Cuba ready to buy Ugandan maize

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The Ministry of Trade, Industry and Cooperatives says the Cuban government has placed an order for Uganda to supply a minimum of 100,000 metric tonnes of maize every year and other assortment of grains.

While launching the Industry Self-Regulation Scheme for Uganda’s Grain sector last week, Ms Geraldine Ssali, the Permanent Secretary in the ministry, said during the just-concluded Non-Alignment Movement (NAM) and G77 plus China (G77+China) summits, the Cuban government presented a list of food items they need from Uganda and the most urgent is maize.

“Cuba wants a lot of corn from Uganda. They presented a whole list of items they need during the G77 and NAM summits, but we do not know what they are giving us in exchange for the corn. They are also ready to help us with the maritime route via Mombasa or Dar es Salaam for the logistics support,” she said.

While launching the Industry Self-Regulation Scheme last week, Ms Ssali said this will help to regulate the numerous players in the grain sector in the country and it will also feed into the 2015 National Grain Policy, which is under review. This will ensure that all actors in the value chain from the farm to the fork are in check to help with compliance with standards for food leaving the country, which she said has suffered a lot of setbacks from various export markets due to phytosanitary standards.

She lauded the Grain Council of Uganda for spearheading the development and implementation of the guidelines to police all actors involved in the sector instead of waiting for the government to enforce the standards.

She further said whichever country they always visit, Ugandan food is in demand and the Competitions Act, which President Museveni assented to last week, is also going to help with addressing the unfair trade practices, which have been happening in the country.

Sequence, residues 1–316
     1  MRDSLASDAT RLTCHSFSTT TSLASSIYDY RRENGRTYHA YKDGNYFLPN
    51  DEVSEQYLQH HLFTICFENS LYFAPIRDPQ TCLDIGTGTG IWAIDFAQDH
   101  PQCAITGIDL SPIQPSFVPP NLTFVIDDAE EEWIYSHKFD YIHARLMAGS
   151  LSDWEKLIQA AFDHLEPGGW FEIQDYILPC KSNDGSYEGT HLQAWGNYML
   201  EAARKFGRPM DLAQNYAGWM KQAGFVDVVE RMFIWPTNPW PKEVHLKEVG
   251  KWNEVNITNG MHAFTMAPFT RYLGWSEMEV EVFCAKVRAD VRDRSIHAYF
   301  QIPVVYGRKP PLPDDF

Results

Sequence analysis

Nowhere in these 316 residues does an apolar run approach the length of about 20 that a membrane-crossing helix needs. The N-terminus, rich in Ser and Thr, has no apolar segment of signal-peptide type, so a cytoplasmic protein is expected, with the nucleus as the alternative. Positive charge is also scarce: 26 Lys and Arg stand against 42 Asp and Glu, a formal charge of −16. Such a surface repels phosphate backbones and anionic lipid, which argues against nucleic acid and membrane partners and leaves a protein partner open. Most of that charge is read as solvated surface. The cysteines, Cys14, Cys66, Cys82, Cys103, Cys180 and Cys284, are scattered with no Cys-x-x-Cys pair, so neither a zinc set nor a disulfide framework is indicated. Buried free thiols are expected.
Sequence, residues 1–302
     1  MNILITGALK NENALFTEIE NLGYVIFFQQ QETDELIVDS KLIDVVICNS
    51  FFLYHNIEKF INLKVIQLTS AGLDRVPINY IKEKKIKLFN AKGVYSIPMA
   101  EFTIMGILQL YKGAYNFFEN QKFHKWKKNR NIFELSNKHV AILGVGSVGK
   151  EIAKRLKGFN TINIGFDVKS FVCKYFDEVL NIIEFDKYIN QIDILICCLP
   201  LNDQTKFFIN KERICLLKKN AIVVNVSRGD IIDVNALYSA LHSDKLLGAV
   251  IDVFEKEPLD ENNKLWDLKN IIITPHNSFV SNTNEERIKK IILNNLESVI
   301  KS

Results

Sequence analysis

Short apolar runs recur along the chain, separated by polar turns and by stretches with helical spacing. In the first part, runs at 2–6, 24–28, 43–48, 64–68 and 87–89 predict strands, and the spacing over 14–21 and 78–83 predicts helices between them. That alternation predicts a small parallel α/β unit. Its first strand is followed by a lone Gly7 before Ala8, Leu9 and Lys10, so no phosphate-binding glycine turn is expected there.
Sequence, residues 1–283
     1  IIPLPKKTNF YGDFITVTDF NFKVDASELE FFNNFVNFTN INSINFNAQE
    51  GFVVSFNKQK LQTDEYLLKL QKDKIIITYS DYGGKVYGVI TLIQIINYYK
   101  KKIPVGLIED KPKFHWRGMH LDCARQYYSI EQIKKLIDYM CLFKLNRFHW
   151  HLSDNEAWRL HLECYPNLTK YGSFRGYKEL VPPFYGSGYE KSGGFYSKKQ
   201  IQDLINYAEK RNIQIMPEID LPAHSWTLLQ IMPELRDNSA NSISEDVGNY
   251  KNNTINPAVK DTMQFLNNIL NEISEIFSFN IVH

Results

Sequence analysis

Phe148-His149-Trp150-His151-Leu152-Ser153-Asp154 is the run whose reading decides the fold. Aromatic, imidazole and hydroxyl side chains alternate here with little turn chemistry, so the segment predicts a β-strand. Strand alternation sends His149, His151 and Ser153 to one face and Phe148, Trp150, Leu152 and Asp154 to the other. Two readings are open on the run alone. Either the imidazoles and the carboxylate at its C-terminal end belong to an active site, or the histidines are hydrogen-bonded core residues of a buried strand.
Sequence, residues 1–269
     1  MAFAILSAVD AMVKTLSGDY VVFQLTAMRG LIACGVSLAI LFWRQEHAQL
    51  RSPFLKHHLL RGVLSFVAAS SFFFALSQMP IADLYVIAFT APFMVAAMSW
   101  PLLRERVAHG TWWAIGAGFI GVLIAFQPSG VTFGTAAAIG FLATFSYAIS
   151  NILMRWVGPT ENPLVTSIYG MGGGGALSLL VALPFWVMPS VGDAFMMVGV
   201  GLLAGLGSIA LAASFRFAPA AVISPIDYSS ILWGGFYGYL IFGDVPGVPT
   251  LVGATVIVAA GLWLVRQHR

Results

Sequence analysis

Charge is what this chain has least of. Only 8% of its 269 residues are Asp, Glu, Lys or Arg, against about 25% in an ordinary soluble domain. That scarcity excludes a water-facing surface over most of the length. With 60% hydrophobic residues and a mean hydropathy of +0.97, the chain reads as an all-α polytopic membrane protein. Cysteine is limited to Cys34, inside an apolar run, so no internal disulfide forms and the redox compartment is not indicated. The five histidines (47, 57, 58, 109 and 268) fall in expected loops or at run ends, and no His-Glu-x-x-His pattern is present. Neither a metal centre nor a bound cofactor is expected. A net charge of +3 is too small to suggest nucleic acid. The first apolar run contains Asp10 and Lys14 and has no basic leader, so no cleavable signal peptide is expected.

Ms Carolyne Nankinga, the assistant commissioner for Phytosanitary and Anti-Quarantine in the Department of Crop Inspection and Certification, Ministry of Agriculture, Animal Industry and Fisheries, said they are looking at how the actors in the grain sector are planning to put in place a code of conduct for industry self-regulation.

She added that this will bring together all players in the grain sector to put together practices they will follow and comply with to make sure that whatever grain they produce for trading and consumption meets the standards.

“All along, these people have not been regulating themselves and this is long overdue because they could not organise themselves. This is what we did for the flour, fruits, seed, and vegetable sectors. By the time the government comes to see what they are doing, they would have done most of the groundwork,” she added.

The chairman of the Grain Council of Uganda, Mr Robert Mwanje, said they came up with the guidelines to address quality issues following the 2020 statistics, which showed that out of the 4.8 metric tonnes of maize produced, 40 percent went to waste as some of it had aflatoxins, goat droppings and stones.

“We are saying we shouldn’t have anyone coming to clean for us our house. Throughout the entire value chain, are you fumigating the right way? Are you using the right pesticide? Are you drying the grain well? When the regulator comes, they have to just endorse the quality and approve it for both the local and international market,” he said.

Ugandan maize has previously been denied access to the Kenyan and South Sudan markets due to alleged aflatoxins, which have been attributed to unregulated trade where traders buy unprocessed maize grain from different farmers with different post-harvest practices that end up contaminating the maize and making it unsuitable for both human and animal consumption.

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